To achieve the purpose of this study, we combine three analyses: first, we perform an analysis of the political and legal, economic, social, and technological environment (PEST analysis) that FinTech companies are facing in Latvia. Second, we analyse these companies’ responses to a survey with particular emphasis on their own assessment of current and potential future developments. Third, we analyse the size and financial performance of FinTech companies in Latvia during the last 10 years.
Our contribution to the academic literature and the public and political debate is four-fold. First, with its focus on the environment Latvian FinTech companies are facing, their own assessment of various drivers and obstacles of FinTech development, and their actual size and financial performance, we substantially contribute to a comprehensive understanding of the complex topic of FinTech development in Latvia. Improving such an understanding will also help raise awareness for FinTech in Latvia.
Second, based on the results of our analyses, we discuss suggestions on how to support FinTech development in Latvia. These suggestions might be of particular interest for FinTech companies, for traditional financial service providers, and for policy makers and regulators.
Third, the current research assists in the development of the new Latvian FinTech strategy by providing findings based on the results of the FinTech Survey. This paper helps policymakers to understand the main obstacles and challenges in the development of the FinTech market. The new policy is expected to be finalised by 31 October 2021.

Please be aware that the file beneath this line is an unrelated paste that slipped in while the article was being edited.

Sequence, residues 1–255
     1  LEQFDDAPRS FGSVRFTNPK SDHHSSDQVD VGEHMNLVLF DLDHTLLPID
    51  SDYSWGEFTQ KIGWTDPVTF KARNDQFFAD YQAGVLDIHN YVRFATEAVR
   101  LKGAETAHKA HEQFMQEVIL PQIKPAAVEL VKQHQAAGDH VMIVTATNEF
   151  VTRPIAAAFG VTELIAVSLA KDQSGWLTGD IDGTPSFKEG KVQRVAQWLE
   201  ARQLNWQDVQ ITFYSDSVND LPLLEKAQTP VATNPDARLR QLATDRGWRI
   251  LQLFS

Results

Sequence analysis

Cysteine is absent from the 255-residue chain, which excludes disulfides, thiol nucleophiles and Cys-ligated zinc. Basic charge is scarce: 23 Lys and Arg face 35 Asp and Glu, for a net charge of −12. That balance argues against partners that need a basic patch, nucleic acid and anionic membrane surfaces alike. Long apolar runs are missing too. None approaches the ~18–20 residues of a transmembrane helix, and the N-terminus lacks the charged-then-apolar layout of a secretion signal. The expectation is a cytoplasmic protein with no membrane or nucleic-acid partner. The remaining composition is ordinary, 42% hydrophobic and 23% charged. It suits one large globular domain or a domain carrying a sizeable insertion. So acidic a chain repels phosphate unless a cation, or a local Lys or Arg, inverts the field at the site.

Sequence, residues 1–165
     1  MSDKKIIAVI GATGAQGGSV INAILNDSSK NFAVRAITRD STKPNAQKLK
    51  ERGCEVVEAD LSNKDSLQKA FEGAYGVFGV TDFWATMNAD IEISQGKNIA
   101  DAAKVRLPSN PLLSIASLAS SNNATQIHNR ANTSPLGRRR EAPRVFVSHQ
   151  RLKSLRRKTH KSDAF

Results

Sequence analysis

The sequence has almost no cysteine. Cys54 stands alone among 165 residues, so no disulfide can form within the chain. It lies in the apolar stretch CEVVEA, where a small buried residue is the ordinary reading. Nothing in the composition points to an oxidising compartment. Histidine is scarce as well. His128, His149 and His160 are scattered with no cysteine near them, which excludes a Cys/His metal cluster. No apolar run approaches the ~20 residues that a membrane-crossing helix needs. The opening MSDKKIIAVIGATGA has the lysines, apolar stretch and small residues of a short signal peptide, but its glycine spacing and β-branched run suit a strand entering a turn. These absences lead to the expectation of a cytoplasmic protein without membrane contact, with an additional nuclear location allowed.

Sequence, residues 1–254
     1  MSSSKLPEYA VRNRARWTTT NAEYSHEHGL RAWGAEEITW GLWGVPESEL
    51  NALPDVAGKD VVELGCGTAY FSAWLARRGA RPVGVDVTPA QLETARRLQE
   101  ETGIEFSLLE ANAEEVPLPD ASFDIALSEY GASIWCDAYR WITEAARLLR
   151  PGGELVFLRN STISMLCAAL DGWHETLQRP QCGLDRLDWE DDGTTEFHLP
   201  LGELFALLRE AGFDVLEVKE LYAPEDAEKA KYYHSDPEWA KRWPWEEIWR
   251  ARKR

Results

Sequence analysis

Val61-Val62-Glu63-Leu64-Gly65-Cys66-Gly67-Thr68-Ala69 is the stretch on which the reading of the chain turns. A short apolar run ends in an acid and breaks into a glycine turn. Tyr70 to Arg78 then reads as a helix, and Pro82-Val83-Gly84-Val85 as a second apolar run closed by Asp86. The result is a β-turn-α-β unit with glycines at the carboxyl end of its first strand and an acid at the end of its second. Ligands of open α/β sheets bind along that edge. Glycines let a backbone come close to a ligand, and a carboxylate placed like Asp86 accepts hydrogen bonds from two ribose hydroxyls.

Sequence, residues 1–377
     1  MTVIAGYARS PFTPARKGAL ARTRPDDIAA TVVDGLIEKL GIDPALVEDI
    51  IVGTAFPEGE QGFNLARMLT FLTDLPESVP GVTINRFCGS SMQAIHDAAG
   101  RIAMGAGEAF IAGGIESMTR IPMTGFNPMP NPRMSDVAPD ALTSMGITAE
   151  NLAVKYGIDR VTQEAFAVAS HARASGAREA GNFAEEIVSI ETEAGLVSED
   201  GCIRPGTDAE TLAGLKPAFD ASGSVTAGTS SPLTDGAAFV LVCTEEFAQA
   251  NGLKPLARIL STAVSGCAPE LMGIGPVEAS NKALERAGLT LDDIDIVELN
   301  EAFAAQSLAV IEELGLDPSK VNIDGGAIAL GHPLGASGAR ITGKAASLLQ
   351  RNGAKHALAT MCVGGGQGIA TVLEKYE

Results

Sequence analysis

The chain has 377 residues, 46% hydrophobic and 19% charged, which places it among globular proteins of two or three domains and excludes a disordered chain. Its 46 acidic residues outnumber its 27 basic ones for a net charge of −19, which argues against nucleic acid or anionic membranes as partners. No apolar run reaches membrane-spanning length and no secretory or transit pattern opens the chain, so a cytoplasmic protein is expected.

Fourth, the findings of this study also provide implications beyond Latvia. Latvia is a small country with a small market, which might not necessarily appear of particular importance on a global scale or when it comes to international comparison in the context of FinTech. However, when it comes to FinTech, the small size of a country is not necessarily a disadvantage. As part of the Global Fintech Index City Rankings report 2020, Findexable (2019) ranks Latvia’s immediate neighbours Lithuania and Estonia fourth and tenth, respectively, in its global FinTech country rankings. According to the Fintech News Network, Latvia, Zimbabwe, and Israel have witnessed the highest surge in FinTech interest worldwide in 2021 (FinTech Baltic 2021). Hence, our findings for Latvia can also be relevant to other small countries, such as Lithuania, Estonia, Malta, Belarus, Gibraltar, and others.
We find that the current status of regulation is one of the main obstacles to FinTech development. This is reflected in both the PEST analysis and the responses to the survey. The regulation currently does not sufficiently consider FinTech-specific aspects. A revision, modernization, and harmonization of regulation in particular across different categories of financial services, across different types of companies/institutions providing these services, irrespective of a higher or lower degree of involvement of new technologies, and internationally would truly provide a level playing field for all market participants: FinTech companies, traditional financial service providers, and those originally traditional players that are integrating FinTech solutions in their business model. Comprehensive regulation would also correspond to our finding that FinTech companies see themselves less in a disruptive role, but they emphasise partnership with traditional banks and that traditional financial service providers will integrate new technology. The size and financial performance of FinTech companies in Latvia during the last ten years indicates some difficulties when it comes to growth and when it comes to establishing and maintaining business models that are financially sustainable. Problems in attracting a skilled workforce and an environment that is not very supportive of new developments in finance are further challenges and might explain at least part of the growth and financial performance difficulties. Hence, further efforts are required to foster Latvia’s attractiveness for a skilled workforce.